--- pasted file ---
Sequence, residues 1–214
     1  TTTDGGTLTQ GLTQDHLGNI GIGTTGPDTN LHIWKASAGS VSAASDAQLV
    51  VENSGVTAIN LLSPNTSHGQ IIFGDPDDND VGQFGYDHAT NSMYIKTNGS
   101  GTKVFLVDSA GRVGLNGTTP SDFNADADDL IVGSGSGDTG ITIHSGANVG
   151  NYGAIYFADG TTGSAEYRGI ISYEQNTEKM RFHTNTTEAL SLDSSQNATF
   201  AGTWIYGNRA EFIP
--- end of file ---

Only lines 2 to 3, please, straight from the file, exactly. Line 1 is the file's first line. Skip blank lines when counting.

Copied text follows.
     1  TTTDGGTLTQ GLTQDHLGNI GIGTTGPDTN LHIWKASAGS VSAASDAQLV
    51  VENSGVTAIN LLSPNTSHGQ IIFGDPDDND VGQFGYDHAT NSMYIKTNGS